Ice fishing comes inherently with its own set of risks. Seasoned ice anglers know those risks, and know how to guard against them. However, even old pros here in the states will have a tough time surviving a day on the ice at Lake Baikal. For one thing, the lake (largest and deepest freshwater lake in the world) is so remote that there are no emergency services nearby. So if you slip into the ice, not only do you have little chance of rescue, getting to a hospital will be nearly impossible. What’s worse is the indigenous tick population, which is infamous for infecting people with encephalitis.

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Divers Guarding Our Underwater Heritage

It was a maritime mystery. On the 75th anniversary of the Battle of the Java Sea, a diving expedition formed to visit the underwater remains of three Dutch warships which sank off the coast of Indonesia. For three quarters of a century these wrecks, which were the graves of 2,200 people, sat undisturbed. Amateur divers first discovered the wrecks in 2002. When the anniversary expedition arrived, two of the ships were gone, and the large portions of the third were missing as well. It’s a crime to remove these cultural heritage sites (most likely by metal salvagers). Unfortunately this kind of theft is happening more and more. Fortunately some divers are doing something about it.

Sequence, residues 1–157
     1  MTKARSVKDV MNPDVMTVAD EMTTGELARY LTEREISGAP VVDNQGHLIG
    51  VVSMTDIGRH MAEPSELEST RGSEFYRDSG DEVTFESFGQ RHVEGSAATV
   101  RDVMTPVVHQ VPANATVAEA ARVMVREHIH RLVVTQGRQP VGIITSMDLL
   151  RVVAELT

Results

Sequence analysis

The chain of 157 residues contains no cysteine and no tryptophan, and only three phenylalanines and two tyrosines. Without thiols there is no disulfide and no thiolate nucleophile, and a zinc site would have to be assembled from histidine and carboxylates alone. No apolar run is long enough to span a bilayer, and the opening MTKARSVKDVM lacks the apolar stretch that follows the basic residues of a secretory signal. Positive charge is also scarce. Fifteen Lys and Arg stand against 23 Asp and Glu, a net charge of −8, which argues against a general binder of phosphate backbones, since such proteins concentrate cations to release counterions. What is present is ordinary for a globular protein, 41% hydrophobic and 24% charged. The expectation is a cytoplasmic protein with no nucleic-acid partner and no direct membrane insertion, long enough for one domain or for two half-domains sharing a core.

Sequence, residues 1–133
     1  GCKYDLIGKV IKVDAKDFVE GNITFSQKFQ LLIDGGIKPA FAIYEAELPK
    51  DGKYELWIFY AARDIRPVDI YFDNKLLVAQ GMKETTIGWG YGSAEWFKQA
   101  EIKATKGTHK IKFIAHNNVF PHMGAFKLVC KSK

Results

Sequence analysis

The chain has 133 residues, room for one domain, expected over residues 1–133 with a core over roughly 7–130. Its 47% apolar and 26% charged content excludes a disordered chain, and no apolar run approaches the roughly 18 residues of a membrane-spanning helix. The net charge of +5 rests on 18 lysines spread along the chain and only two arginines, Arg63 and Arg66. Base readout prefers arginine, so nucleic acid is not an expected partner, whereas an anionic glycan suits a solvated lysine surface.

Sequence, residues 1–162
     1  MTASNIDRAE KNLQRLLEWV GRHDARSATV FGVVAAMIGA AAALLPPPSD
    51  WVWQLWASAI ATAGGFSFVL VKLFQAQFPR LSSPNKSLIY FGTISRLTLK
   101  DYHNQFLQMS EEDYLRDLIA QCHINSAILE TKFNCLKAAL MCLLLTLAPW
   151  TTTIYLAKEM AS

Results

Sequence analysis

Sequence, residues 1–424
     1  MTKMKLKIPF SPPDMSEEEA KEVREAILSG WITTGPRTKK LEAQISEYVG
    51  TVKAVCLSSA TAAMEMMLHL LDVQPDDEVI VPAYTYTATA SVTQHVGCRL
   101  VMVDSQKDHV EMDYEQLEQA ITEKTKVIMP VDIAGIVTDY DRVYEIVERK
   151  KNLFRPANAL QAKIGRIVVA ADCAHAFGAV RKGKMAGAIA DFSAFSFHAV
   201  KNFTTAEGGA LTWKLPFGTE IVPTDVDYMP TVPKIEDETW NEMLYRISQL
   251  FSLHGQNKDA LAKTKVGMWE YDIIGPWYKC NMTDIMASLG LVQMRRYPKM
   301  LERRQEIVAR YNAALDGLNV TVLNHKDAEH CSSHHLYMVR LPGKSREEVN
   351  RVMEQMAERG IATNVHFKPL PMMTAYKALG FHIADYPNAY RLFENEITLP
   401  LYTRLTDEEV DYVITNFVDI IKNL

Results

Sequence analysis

Scuba is an amazing activity, but it’s a double edged sword. While it’s great we can breathe underwater and go to places underwater that humans were previously unable to access, the bad news is that we can breathe underwater and go to places that humans were previously unable to access. Places like shipwrecks. And though it might be tempting to feel the thrill taking something from a sunken ship, most of the time that’s a no-no. So scuba is both the villain and the hero in this story, because not only are divers the problem, they are also the solution. Here are a few stories of divers guarding our underwater heritage.

Sea Hero Honored for Preserving Shipwrecks in the Caribbean
Dr. Charles Beeker of Indiana University is a sort of pioneer of shipwreck conservation. In 1988 he was a member of the federal Archaeological Working Committee for the 1988 Abandoned Shipwreck Act, a U.S. law that protects historic shipwrecks from professional treasure hunting and private looting. Since then he has assisted both California and Florida in establishing new shipwreck state parks as well as NOAA National Marine Sanctuaries in creating the Florida Keys National Marine Sanctuary Shipwreck Trail.

Divers take on dual roles of cop and teacher in growing movement to preserve Ontario’s shipwrecks
The Great Lakes are salt-free and very cold, two conditions that bode well for preserving the many shipwrecks that dot the lakebeds. However, heritage theft is a major issue, and local divers recognize a need for action. Michael Hill, president of the provincial heritage organization Save Ontario Shipwrecks, says that there are plenty of laws on the books to protect shipwrecks from looting, but the problem is enforcement. Ian Marshall, a member of the Niagara Divers’ Association is in agreement. It’s divers like Hill and Marshall who are doing what they can, getting the word out and keeping a keen eye open for potential underwater crimes.

Kent divers help police protect English Channel shipwrecks